Leave a reply





[ Change the image ]


Subscribe to our fire safety blogs

Email Format
* indicates required


  • Fire Engineering Design and Risk Assessment - Compartmentation & Life Safety - Part 5

    In LWF’s Fire Engineering blog series for Architects and others working in the building design business, we have been discussing compartmentation. In part 4 of this series, the ways in which compartmentation supports life safety functions in a fire situation were summarised. In part 5, we look at the ways the issue of compartmentation and life safety is covered in the national building regulations, before looking at the spread of fire. 


  • Fire Safety for Healthcare Premises - Compartmentation & Fire Hazard Rooms and Areas - Part 39

    In LWF’s blog series for healthcare professionals, the aim is to give information on best practice of fire safety in hospitals and other healthcare premises. In part 38 of this series, the importance of fire stopping the joints between fire separating elements such as walls and any openings was discussed. In part 39, we will continue in that area by looking at fire hazard rooms and areas.While most types of buildings require the protection...


  • Facilities Management & Fire Safety - Content of Fire Training - Part 13

    In LWF’s blog series for those who work in Facilities Management, or who have an interest in or responsibility for Fire Safety, we have been looking at the necessity for staff training and fire drills. In part 12 we looked at the implications of committing to fire safety training in a business or organisation in terms of time commitment. In part 13, the necessary content of the fire safety training sessions is outlined. All comprehensive...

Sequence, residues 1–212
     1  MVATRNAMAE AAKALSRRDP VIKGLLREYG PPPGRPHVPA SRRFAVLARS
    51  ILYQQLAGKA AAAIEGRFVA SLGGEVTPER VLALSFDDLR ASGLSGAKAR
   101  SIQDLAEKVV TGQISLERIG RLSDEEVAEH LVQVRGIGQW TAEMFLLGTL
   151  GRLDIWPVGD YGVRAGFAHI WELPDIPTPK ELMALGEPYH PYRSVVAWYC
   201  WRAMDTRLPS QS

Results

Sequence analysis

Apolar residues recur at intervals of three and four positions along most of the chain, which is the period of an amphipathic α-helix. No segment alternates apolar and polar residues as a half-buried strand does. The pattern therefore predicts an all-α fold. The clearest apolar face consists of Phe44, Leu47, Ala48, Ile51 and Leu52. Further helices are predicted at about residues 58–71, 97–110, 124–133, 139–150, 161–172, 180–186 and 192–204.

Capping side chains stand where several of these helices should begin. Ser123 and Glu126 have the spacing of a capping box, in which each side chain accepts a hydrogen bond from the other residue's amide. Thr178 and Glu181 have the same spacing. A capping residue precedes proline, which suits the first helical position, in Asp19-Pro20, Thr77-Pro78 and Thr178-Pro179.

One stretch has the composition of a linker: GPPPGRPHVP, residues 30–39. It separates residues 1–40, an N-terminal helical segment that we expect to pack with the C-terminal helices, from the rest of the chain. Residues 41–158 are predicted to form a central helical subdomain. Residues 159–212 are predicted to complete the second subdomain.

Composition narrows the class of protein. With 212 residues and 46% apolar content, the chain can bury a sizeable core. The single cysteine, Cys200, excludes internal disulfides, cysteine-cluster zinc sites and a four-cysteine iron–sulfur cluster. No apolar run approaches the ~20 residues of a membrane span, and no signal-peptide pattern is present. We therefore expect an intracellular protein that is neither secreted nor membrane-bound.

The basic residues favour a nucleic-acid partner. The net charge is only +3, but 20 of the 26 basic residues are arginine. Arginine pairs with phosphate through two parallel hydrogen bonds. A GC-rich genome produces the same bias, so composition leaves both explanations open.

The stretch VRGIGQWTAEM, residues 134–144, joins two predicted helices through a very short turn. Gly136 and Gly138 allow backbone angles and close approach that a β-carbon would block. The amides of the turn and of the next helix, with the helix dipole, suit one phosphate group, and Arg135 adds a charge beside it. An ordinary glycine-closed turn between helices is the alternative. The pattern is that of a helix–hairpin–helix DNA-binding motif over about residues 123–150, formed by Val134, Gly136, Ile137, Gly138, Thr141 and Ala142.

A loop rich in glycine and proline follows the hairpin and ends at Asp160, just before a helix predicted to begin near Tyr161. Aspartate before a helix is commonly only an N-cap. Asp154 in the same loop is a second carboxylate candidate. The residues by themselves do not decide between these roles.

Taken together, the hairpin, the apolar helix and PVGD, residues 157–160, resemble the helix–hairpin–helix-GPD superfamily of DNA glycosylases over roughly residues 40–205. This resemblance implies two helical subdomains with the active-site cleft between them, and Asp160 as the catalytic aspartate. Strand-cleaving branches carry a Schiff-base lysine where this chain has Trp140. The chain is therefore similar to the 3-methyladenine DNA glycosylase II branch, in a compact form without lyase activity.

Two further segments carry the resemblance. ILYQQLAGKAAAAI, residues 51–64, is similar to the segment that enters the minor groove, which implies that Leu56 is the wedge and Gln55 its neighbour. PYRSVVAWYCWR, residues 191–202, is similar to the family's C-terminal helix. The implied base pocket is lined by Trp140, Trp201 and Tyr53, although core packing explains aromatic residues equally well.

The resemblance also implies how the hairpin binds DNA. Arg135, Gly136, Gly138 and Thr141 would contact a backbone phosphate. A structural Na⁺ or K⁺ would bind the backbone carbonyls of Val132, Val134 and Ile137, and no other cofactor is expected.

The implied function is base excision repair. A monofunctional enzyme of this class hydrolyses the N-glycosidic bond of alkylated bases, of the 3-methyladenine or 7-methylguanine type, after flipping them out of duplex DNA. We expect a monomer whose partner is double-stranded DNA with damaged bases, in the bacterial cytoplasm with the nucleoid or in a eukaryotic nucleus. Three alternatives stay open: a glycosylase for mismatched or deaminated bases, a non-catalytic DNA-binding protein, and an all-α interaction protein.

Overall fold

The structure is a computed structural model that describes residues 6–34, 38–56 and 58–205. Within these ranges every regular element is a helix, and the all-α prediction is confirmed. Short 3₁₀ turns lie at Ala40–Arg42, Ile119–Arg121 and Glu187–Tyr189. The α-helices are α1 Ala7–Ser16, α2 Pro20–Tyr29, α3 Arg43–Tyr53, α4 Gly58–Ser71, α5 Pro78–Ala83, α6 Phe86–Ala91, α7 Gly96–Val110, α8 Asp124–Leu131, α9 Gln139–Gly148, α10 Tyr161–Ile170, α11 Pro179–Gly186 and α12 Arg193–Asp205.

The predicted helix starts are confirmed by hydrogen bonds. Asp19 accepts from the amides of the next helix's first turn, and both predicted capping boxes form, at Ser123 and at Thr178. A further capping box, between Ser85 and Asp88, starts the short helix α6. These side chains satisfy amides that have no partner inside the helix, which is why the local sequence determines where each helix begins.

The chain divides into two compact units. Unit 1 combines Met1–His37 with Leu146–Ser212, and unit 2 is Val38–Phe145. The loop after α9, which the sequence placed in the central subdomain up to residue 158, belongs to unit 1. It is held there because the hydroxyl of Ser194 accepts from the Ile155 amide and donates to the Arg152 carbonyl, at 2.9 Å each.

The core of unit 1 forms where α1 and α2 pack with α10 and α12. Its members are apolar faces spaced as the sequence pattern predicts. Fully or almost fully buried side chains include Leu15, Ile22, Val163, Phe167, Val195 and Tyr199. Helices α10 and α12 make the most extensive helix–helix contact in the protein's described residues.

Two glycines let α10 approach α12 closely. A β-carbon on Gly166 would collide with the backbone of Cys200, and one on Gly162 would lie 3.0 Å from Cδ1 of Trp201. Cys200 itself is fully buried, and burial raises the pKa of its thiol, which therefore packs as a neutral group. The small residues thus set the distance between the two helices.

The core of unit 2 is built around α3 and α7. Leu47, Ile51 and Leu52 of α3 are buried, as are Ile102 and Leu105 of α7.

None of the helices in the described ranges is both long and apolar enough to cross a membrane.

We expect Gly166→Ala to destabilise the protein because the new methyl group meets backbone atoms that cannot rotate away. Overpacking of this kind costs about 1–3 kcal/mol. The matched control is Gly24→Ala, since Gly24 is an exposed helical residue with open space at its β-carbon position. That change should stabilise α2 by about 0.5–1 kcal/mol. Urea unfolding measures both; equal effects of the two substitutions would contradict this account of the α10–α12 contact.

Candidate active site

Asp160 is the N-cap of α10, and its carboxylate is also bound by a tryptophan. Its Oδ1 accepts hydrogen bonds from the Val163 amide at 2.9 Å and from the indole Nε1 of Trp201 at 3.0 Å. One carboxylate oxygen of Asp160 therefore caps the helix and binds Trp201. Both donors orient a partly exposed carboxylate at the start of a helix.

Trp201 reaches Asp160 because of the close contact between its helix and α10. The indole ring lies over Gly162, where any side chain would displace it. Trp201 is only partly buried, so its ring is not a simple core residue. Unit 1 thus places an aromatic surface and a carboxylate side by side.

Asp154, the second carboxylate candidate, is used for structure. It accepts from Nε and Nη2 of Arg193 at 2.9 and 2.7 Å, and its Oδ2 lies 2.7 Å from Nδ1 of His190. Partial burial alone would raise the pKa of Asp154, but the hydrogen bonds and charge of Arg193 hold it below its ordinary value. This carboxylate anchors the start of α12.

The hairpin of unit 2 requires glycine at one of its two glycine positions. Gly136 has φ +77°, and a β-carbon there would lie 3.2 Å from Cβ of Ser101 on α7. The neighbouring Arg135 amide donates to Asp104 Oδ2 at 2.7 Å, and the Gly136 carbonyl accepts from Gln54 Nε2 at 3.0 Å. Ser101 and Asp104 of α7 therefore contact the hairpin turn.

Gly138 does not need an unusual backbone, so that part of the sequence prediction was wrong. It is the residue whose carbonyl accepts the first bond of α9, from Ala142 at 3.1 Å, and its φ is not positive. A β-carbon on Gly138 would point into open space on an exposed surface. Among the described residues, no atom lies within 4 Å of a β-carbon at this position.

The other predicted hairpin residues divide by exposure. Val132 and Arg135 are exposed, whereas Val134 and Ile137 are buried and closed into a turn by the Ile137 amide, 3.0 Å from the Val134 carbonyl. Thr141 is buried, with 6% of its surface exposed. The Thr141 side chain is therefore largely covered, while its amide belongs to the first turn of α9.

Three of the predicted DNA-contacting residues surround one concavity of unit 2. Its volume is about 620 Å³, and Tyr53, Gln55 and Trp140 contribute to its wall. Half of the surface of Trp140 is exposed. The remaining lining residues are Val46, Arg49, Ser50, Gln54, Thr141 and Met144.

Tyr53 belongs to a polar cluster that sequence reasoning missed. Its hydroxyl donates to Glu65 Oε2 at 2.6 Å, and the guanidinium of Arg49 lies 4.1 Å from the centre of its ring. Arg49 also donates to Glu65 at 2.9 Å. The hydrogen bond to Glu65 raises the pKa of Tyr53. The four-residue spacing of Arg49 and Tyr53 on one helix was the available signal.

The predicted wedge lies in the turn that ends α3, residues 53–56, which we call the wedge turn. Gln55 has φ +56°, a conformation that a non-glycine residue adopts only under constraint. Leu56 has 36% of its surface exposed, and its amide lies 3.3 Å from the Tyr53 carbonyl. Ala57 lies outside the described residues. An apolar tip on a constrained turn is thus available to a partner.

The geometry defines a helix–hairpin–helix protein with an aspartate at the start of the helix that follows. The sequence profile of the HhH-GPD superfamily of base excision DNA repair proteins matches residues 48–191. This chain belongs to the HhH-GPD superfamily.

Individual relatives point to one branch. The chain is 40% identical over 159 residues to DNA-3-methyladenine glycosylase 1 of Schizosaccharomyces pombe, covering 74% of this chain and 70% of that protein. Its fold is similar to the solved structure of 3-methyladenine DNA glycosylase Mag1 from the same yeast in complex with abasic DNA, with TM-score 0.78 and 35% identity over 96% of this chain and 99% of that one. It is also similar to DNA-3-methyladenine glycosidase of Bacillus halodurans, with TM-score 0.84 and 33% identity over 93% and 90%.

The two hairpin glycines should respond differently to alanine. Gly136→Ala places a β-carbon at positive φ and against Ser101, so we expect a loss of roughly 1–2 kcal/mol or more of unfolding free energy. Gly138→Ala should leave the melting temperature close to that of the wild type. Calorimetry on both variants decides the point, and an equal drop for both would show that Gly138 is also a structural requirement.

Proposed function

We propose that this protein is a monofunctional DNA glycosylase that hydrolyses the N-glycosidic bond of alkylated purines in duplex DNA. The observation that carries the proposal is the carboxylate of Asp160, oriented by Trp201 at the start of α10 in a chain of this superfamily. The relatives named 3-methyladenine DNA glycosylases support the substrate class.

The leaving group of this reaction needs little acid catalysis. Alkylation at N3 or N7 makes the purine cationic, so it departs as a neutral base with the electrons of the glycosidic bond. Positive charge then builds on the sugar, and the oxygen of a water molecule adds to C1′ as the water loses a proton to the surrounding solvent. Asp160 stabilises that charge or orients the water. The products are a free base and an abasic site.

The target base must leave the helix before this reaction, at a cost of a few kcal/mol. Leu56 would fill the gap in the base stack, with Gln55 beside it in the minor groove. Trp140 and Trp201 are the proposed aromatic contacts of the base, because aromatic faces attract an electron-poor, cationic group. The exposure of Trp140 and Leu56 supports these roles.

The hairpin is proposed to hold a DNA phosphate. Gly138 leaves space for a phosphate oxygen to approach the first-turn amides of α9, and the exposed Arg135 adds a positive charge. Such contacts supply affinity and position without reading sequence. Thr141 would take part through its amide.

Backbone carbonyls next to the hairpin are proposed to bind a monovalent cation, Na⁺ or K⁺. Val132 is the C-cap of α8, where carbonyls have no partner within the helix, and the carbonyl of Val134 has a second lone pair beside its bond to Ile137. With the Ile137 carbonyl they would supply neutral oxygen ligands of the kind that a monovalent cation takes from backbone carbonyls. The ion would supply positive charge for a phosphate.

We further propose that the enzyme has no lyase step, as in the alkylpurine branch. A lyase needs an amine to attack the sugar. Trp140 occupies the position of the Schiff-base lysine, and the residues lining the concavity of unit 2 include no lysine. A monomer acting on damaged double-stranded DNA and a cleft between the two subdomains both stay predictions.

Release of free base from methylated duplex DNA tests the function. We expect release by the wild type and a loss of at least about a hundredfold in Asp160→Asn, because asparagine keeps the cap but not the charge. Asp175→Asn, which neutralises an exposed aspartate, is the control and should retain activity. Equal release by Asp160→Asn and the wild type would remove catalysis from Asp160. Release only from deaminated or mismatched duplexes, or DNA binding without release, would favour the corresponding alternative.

• Fire Engineering Design and Risk Assessment - Maintenance of Compartmentation - Part 4

    In LWF’s Fire Engineering blogs for Architects and others who work in the building design business, we have been looking at compartmentation of buildings to avoid fire spread from the compartment of fire origin to any other area. In part 3 of this series, the fire-resisting performance of elements which go into comprising a fire-resistant compartment was discussed. In part 4, we discuss how a compartment’s integrity is only as good as its ongoing maintenance,...


  • Facilities Management & Fire Safety - Staff Training & Fire Drills - Part 12

    In LWF’s blog series for those who work in Facilities Management, or who have an interest in or responsibility for fire safety, we have been looking at staff training and fire drills. In part 11 of this series, methods of training were discussed and in part 12, we will continue from that point to discuss the practicalities of who should receive training and how it should be organised.Adequate fire training should be given to...


Case Studies

The Wohl Neuroscience Institute - Fire Safety, Strategy & Engineering
Key Facts: Client: King’s Clinical Neuroscience Institute Project Manager: MACE Ltd Designers: Devereux Architects/Allies and Morrison Approximate Size: 7,400m2 Description of the Project:...

Read more..

General Bulletins

Fire - The External Risk
When we consider fire safety, our focus is normally from within, what can we do to prevent the occurrence of fire and how we can limit its damage.  Whilst this is the correct stance to take, we m...

Read more..

Technical Bulletins

Evacuation Modelling - Factor in Human Behaviour
Evacuation of buildings can be analyzed in different ways. Approved Document B (ADB) which provides guidance on meeting the requirements of the England and Wales Building Regulations with regard to fi...

Read more..

Site map | Web development London